Seeing Bigfoot, the easy way | Life
PORTLAND, Maine – Looking for Bigfoot? The Loch Ness monster? The elusive Mothman of Point Pleasant, West Virginia?
You can spend thousands of dollars and travel more miles around the world in search of these and elusive creatures, or you can do the smart thing and visit the International Museum of Cryptozoology, where they await you. all.
“Cryptozoology” is a term coined to describe the study and research of creatures believed to exist in lore and legends, but which have not been verified by sober science. Think Sasquatch. Think of the Lake Champlain monster. Consider Glastonbury’s Glowakus, if you like.
Before anyone laughs, keep in mind that many animals, ranging from mountain gorillas to giant squid, were considered fantastic creatures for decades until specimens were found by researchers with eyes. piercing. So who’s to say Bigfoot isn’t out there, waiting for his close-up?
You will learn about the history of cryptozoology and more in this museum, which in itself has a story that illustrates how the passion and dedication of an individual can achieve unsuspected success.
The museum started out as humble as it gets, as a small exhibit in the Portland home of Loren Coleman, the institution’s founder, director and guiding spirit. Coleman, a prolific author and researcher, has been quoted in just about every major newspaper, magazine, and TV news show you’d want to name, researched for his expertise on everything from Thunderbird sightings to the mysterious things that fail on the shore of The Long Island Strait.
But you can’t keep a lid on a collection that includes an 8-foot Bigfoot statue and a 6-foot model of Coelacanth (a “living fossil” thought to be extinct from the days of the dinosaurs until ‘a coast of Africa in 1938), and Coleman found himself with growing crowds of curious visitors.
âThe space in my house was taken over by the museum,â he writes on the museum’s website. âIt was time to move.
The first movement came in 2009, when the museum found a home behind the Green Hand Bookstore in Portland’s Arts District. But once word got out, the collection quickly overtook that space, and soon after, they moved around the corner to a 3,000 square foot space. Lots of room, even for the biggest of Bigfeet, isn’t it?
Wrong. In 2016, the increasingly heavy collection moved slightly outside of crowded downtown Portland to Thompson’s Point, formerly a rail and marine hub that has been redeveloped to house shops, restaurants, galleries and the Abominable Snowman.
When you get to the latter location, you are treated to a vast spectacle of sheer strangeness spread over two full floors. The 8ft tall Bigfoot is here, of course, but so are less famous faces like the Jersey Devil, Flatwoods Monster, and Skunk Ape (to say nothing of the Orang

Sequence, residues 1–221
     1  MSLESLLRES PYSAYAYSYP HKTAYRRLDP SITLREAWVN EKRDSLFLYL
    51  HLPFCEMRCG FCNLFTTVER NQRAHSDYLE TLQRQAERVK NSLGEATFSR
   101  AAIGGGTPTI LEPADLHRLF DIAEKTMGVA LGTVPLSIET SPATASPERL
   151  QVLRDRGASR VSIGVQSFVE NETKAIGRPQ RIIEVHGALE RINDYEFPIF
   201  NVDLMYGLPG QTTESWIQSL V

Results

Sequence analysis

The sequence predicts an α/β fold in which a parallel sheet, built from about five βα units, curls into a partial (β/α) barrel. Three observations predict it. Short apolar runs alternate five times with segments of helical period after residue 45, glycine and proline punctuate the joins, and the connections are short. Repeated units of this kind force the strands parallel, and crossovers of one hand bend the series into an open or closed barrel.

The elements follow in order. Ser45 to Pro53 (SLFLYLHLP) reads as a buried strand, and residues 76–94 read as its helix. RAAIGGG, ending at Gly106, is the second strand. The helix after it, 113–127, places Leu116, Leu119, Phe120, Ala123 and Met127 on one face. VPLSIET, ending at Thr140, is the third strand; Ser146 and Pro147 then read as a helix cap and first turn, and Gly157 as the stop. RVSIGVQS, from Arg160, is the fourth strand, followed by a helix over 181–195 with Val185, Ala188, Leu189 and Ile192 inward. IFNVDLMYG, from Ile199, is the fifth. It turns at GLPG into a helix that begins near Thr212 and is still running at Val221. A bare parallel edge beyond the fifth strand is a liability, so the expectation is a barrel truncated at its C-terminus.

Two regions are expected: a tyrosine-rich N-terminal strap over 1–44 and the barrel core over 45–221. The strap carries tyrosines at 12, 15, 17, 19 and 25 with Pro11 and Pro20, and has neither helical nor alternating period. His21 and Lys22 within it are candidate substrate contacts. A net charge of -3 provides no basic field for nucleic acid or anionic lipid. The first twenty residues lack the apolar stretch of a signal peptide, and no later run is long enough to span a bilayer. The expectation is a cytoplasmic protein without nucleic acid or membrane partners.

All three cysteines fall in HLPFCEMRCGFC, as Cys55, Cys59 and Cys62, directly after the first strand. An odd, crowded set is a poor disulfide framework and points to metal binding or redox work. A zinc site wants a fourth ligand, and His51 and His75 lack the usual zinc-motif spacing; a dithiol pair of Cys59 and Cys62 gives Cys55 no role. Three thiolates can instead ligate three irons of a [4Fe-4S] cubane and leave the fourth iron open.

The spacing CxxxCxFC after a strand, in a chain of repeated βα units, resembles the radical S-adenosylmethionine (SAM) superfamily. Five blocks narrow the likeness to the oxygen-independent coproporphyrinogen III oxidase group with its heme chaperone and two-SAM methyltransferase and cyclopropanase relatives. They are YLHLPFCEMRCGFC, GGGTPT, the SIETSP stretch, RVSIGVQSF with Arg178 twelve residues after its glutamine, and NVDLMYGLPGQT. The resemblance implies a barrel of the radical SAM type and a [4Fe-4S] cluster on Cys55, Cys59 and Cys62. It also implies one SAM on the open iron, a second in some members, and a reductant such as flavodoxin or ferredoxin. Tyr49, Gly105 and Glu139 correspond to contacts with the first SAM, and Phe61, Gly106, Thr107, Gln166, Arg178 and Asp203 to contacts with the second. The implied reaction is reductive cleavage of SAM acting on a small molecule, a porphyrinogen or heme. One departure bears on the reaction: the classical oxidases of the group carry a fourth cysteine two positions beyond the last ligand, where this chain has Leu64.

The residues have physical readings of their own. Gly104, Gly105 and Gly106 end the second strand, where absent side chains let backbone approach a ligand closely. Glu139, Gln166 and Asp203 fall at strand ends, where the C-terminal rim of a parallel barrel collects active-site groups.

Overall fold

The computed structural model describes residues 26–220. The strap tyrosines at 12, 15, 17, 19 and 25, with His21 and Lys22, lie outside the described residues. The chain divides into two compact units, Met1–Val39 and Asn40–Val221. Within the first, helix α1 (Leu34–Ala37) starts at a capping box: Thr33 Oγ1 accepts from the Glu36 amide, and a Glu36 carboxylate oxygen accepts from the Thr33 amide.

Pendek, the Yowie, the Mermaid Feejee and the Tatzelwurm). Exhibits that include everything from (alleged) yeti fur and Sasquatch footprints are jostling each other
for space with Hollywood movie props, folk art and even a letter from actor Jimmy Stewart.
You’ll see skulls, plaster casts, and maps depicting Mothman’s reported sightings that look like something from the first season of “True Detective.” You’ll see real dinosaur fossils and taxidermy animals alongside artfully crafted counterfeits and âghosts,â as the museum also documents numerous cases of hoaxes involving so-called âcryptidsâ.
Coleman is a showman, but he’s also seriously interested not only in the possibility that fabulous beasts actually exist in the world, but also in how we imagine these creatures. As a result, the museum is replete with advertisements, consumer products, and entertainment industry ephemera documenting society’s enduring fascination with unexplained beast sightings.
The ever-expanding museum is proof of this fascination, and it has attracted not only
Portlanders and summer tourists, but also celebrities and artists passing through the larger town of Vacationland.
Famous visitors to the museum, whose photos can be exhibited alongside blurry images of shaggy humanoids, include “Guardians of the Galaxy” director James Gunn, comedian and former Daily Show correspondent Wyatt Cenac, the musicians David Byrne and Sean Lennon (John’s son), and pretty much every heavy metal that’s within 30 miles of Portland.
But the best possible close encounter at the museum is with Coleman himself. A busy man, he nonetheless constantly passes by the place whenever he is in Portland and does not travel the world in search of the inexplicable. This is not an exaggeration; Coleman is constantly in demand for his expertise, as with a New York Times article this summer on revelations that the FBI had previously conducted forensic tests on Bigfoot’s alleged fur in an attempt to find the elusive inhabitant of the forest.
A thoughtful and intense conversationalist, Coleman has a great wealth of stories from his travels and research, and is happy to share them with curious visitors. And he’s probably a lot happier now that he doesn’t have to share his house with an 8ft tall Sasquatch anymore.
The International Cryptozoology Museum is open seven days a week, 11 a.m. to 6 p.m., with the last admission at 5:30 p.m. Admission for adults is $ 10, seniors and children 12 and under paying less. The museum is housed in a brick building in the Thompson’s Point development, next to a brewery pub. GPS directions can be confusing, so visit the website (www.cryptozoologymuseum.com) for more details. Once you get to Thompson’s Point, it’s not hard to find; it is the only company with a 9 foot Bigfoot sculpture on the front.